What You and Breweries Get Out of Tours

firestone-walker-logoCruise California’s Highway 101, and in Paso Robles, you’ll drive right by Firestone Walker Brewing Company, winner of the 2015 Great American Beer Festival’s “Mid-Size Brewing Company and Mid-Size Company Brewer of the Year.” If you’re a craft beer fan, you’ve probably already planned to stop.

From Portland, Oregon to Portland, Maine, brewery visits are in vogue. In fact, on Trip Advisor’s list of 135 things to do in Portland, Maine, Allagash Brewery ranks #1. Tours can vary a lot, especially in this age of destination breweries, like Sierra Nevada, that attract thousands of enthusiasts.

Entrance to Lagunitas Beer Garden

Entrance to Lagunitas’ Beer Garden

Some breweries charge for tours, others don’t. Some offer both complimentary and paying tours. Some require reservations, others don’t. Tours might last 15 minutes or 90 plus. You could be in a group of 5 or of 20. They may offer different tours such as brewery, sustainability or barrel-aging facilities. In addition to the brewery at Anheuser Busch in St. Louis, you can visit the company museum and the Clydesdales. Breweries may or may not be generous with free samples. Some allow children and open-toed shoes, others don’t want either. Even if you’re not a beer drinker, a brewery tour can be a fun, and educational, experience.

Because I’d be driving through Paso Robles a couple of weeks ago, I checked Firestone Walker’s website. One heads-up: if you want to get inside their brewery, it’s best to pay $3.00 and reserve a ticket in advance. Tours are popular, and there’s no guarantee you’ll get tix the day of.

 Even on a Wednesday, our tour filled up. We gathered in the Visitors Center, essentially a small bar with a large swag selection. Chase Kennedy, our personable tour leader, handed each of us protective eyewear, ear buds and a transmitter since it was going to be noisy inside the brewery. She made sure we were all wearing close-toed and flat-heeled shoes.

Tour leader Chase Kennedy

Tour leader Chase Kennedy

We climbed a flight of stairs to view the pilot lab and sensory tasting room before moving on to the brewhouse for a quick taste of wort (unfermented beer) and then back downstairs. Inside the brewery, we were corralled behind a railing where we could take in the fermenters towering above us and a serious bottling line that made it clear why Firestone Walker ranked 13th in in U.S. craft brewery sales by volume in 2015.

As brewery tours go, this one was on the cursory side, but that’s often enough for vacationers. Firestone Walker does offer hour-long tours on weekends for $15.00, snifter glass and 4 tasting samples included. Meanwhile, the regular tour concluded back at the bar with one sample.

One, if not the main, draw for beer geeks to visit new breweries is the unique, fresh brews not available elsewhere. Firestone Walker Brewmaster Matt Brynildson is among the most respected brewers in the U.S., making a stop at his brewery extra special. Since I was alone and had to get back on the highway afterwards, I arrived early and carefully chose my paid samples before touring.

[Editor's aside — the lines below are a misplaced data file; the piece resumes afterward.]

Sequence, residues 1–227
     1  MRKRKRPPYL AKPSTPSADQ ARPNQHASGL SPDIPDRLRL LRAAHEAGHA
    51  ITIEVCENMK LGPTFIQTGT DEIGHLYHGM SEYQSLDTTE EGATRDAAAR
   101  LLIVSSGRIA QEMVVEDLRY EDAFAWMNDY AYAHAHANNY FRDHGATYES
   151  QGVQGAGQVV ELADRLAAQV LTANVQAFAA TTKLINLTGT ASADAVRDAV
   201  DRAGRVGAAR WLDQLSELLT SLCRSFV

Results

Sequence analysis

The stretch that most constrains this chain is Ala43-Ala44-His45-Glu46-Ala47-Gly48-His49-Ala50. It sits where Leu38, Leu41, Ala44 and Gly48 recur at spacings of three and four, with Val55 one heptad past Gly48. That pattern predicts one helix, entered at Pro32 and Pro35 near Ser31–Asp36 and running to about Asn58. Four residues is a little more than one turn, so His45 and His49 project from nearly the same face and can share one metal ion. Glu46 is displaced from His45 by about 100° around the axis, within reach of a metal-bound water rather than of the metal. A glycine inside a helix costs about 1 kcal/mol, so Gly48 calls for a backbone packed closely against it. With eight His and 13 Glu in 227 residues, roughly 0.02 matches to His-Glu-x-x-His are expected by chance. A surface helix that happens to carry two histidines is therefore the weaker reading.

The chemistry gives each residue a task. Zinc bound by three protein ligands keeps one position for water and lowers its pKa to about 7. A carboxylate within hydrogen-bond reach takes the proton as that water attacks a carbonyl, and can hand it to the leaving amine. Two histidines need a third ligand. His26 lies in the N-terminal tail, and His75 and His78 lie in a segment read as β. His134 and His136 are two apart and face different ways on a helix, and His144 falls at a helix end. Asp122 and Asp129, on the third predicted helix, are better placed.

Krieky Bones sample and menu

Krieky Bones sample and menu

I started with Crimson Peak Ale, a 5% ABV “light-bodied ale infused with hibiscus” and followed with a Cherry Stout. Brynildson is famous for his innovative barrel-aging techniques, and the Cherry Stout was a great opportunity to taste his work. It had started out as an imperial brown ale, was aged two years in oak barrels that previously held whiskey, then it was blended with milk stout, cherry liquor flavors and other ingredients to produce an incredibly rich, complex and smooth beer. My third and last sample was the nicely tart Krieky Bones, a wild ale fermented with sour cherries and aged two years in an oak foeder, a 2200-gallon barrel. (See more description.) Krieky Bones’ 5.5% ABV puts it on par with a Miller or Bud in terms of alcohol, but at $3.25 for a few ounces, it’s far pricier. As for taste, it’s light years beyond a macro beer.

What I didn’t try was Wookey Jack, my favorite Firestone Walker brew, or Luponic Distortion, the PR darling of the day, with promotional tees, hats, glasses and more for sale and advertising. Called a “rotating hops series” the hops profile in this new beer will change every 90 days, with a strong nod to the latest experimental hops. (Hops are another area of Brynildson’s expertise.) In other words, every 3 months, the brew will taste a little different.

Guy McCutchan at Bottles N' Bins

Guy McCutchan at Bottles N’ Bins

Unlike the beers I sampled, Luponic Distortion is intended for wide distribution. So, I did exactly what Firestone Walker wants brewery visitors to do. Back at home, I stopped by Bottles N’ Bins, which carries a strong selection of craft beers. Employee Guy McCutchan quickly led me to both bottles and cans as I asked how it was selling. “Really well. In fact, we sold out last week.” He went on to say he’s not a big fan of hoppy beers, but he did like it. Unlike Guy, I am a hophead, and honestly, one 6-pack later, I wasn’t wild about Luponic Distortion, although I couldn’t pin down the unfamiliar hop flavor I didn’t particularly care for.

The best breweries, no matter what their size, will always have to sell really good to outstanding beer, but great marketing—from tours to tap handles—matters, too. Firestone Walker gets this, and I’m proof. I’ll plan my next trip through Paso Robles so I can hit the longer weekend tour. And I’ve squirreled away a bottle of the first Luponic Distortion to compare to the next 6-pack in a few months.

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